Let’s take a short break from season recaps and tip our caps to another Major League Baseball team. If you would like a refresher of my criteria for what I look for in a baseball hat, you can find it here.
Our next stop on our baseball hat journey takes us to the Detroit Tigers. With an old-fashioned look that’s been around forever, the Tigers own another iconic MLB hat.
Primarily, the Tigers wear two versions of their everyday hat, which is a solid navy blue with an Old English “D” logo on the front. The home hat uses a white logo, while the road hat uses an orange logo. Another subtle difference on the road hat is an orange squatchee to match the logo. The white on navy is a sharp and classic look. The orange presents little contrast against the navy blue and kind of looks dirty. Of course, I’m generally not a fan of the color orange to begin with.
The 2018 batting practice hats are a pleasant change of pace from the logo that’s been used on the Tigers’ hats in some form or another for the last 100-plus years. Of the two hats, the first look is closest to the traditional scheme the Tigers wear on the field. It’s a solid navy blue cap, but the logo is changed to a tiger face. This logo is also used on a solid-colored bright orange hat. Honestly, it looks like something a deer hunter might wear.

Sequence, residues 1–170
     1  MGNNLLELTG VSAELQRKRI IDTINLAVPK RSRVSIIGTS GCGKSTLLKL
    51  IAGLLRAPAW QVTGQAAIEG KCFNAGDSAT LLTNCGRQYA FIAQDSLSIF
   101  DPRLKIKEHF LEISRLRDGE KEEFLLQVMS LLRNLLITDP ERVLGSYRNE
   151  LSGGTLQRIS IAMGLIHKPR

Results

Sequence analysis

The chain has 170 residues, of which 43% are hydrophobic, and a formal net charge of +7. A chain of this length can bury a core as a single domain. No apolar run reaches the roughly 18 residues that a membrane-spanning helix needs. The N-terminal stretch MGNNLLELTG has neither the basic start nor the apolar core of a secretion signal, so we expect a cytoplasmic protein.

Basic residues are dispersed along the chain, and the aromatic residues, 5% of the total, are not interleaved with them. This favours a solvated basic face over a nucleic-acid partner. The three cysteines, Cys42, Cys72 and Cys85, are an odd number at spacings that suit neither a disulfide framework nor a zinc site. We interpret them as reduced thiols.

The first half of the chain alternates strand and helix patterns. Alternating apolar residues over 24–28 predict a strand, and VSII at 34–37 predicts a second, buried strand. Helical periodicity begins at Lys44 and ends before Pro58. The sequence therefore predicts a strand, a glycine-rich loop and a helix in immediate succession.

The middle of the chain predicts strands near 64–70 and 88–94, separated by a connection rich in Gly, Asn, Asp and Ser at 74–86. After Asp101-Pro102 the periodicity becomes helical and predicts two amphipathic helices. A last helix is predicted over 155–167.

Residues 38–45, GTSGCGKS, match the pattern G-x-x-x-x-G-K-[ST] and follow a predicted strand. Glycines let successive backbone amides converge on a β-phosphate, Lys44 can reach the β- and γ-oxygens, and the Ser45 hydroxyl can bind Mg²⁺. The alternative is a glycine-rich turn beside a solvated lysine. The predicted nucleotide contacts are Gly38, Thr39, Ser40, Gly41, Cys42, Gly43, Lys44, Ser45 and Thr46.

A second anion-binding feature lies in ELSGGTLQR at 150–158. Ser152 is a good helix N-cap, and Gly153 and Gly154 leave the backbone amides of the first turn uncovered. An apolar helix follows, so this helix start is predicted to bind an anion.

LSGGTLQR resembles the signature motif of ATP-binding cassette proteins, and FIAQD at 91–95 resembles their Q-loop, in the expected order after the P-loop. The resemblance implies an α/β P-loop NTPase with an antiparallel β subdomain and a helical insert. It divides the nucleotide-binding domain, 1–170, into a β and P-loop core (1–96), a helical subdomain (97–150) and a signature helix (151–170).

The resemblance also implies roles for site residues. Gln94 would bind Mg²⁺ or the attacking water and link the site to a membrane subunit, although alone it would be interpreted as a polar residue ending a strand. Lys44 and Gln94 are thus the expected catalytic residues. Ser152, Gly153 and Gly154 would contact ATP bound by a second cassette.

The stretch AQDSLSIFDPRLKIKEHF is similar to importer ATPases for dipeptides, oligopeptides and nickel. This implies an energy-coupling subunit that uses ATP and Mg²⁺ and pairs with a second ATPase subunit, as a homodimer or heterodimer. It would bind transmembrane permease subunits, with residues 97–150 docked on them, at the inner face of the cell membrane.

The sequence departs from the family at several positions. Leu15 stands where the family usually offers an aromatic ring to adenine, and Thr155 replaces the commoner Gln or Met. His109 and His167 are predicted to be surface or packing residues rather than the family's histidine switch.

The tiger logo reminds me of something that would be used by LSU or any other college or high school with a tiger moniker. However, the look is a solid change from the tired Old English “D.”
If I’m being honest, I’m not a huge fan of any of the Tigers’ hats. The Old English logo is plain and blase. Meanwhile, the tiger logo feels elementary and doesn’t look like something that belongs on a professional uniform. If I had to pick one of the four options, I would probably go with the standard home hat. This hat is the Detroit Tigers and what comes to mind anytime I think of the city of Detroit.
If I had it my way, the Tigers would darken the white logo to a dark gray, then go with a matching bill and squatchee. This would mix up the monotony of white against navy while avoiding the awful orange.